THE CAKEMAKER B+
Israel Germany (113 mi) 2017 ‘Scope d: Ophir Raul Graizer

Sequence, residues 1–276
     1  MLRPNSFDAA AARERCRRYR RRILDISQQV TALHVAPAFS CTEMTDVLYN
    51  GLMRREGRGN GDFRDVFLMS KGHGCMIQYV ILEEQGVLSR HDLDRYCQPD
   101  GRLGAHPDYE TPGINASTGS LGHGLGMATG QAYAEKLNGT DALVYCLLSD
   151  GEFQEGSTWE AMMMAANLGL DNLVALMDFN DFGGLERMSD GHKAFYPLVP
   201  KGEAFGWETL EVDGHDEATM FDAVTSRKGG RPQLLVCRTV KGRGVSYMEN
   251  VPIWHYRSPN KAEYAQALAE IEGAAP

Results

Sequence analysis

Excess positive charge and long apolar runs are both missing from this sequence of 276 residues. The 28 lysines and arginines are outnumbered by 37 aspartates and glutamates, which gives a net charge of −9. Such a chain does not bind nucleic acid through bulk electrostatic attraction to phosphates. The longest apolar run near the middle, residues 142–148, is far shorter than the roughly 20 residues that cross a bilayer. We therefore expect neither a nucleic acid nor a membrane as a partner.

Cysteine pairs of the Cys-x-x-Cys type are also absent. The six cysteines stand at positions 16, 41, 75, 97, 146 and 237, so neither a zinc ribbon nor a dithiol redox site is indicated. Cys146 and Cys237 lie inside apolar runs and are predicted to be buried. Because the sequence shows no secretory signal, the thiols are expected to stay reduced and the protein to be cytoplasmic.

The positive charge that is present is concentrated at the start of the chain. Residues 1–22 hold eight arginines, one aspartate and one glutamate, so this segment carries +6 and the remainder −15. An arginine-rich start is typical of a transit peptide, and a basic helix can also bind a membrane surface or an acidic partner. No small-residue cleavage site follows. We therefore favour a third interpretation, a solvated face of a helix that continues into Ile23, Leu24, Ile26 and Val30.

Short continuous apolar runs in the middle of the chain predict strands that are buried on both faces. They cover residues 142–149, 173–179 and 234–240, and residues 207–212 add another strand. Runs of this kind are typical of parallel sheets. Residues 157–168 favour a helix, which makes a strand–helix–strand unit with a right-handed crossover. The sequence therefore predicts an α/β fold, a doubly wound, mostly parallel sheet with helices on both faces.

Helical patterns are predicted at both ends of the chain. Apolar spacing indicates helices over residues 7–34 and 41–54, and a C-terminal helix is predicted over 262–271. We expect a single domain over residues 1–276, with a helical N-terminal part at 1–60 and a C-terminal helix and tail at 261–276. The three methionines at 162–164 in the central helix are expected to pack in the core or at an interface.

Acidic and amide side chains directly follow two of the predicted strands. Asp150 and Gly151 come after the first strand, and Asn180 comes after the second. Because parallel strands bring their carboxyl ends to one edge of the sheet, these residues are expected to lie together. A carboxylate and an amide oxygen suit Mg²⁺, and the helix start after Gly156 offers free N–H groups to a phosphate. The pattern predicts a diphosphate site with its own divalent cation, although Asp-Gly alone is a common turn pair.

Any German-Israeli joint business venture can only be viewed as promising, suggesting that if these two countries can put aside their past differences and mutually agree to common interests, then anything’s possible. Imagine how these two nations must have viewed each other just a half a century ago. It boggles the mind. Reminiscent of François Ozon’s Frantz (2016), which is an historical period piece set after the end of the First World War when a visiting French soldier pays tribute to his fallen gay lover in Germany, arousing hostile emotions, becoming a subject of derision and contempt by an angered nation still smarting from defeat, yet the family of the deceased comes to embrace him for his wealth of good intentions. The origins of this film began eight years ago when the openly gay Graizer graduated from the Israeli Film School in Sapir College, Sdero and joined a student exchange, with German students coming to Israel while he ended up in Berlin, residing there for the past seven years, married to a Berlin florist while also training to be a cook (teaching cooking classes on the side), publishing a Middle-Eastern cookbook at the same time his first feature film has an international release. Traveling between Berlin and Jerusalem, the film is a portrait of two cities, following the exploits of Israeli businessman Oren (Roy Miller), fluent in multiple languages, as he visits his favorite Berlin bakery, Café Kredenz, developing an easy rapport with the pastry chef Thomas (Tim Kalkhof), who creates these luscious concoctions that help keep business booming. Without so much as a word of explanation, Oren is soon living with Thomas on his near monthly visits, though he has a devoted wife and 6-year old son back home. This arrangement feels quite natural, though the absences are obviously difficult on the ones left behind. It is only when Oren fails to answer his cellphone or call Thomas back that any real drama begins, as Thomas is pushed into desperate actions, visiting Jerusalem in an attempt to find him, sadly discovering from his employer that he died tragically in a car accident several months earlier, leaving Thomas alone, languishing in a foreign city, which has its own unique character and established rhythms, with cries of Shabbat being announced all throughout the city, which becomes a kind of bond that helps unite the brethren.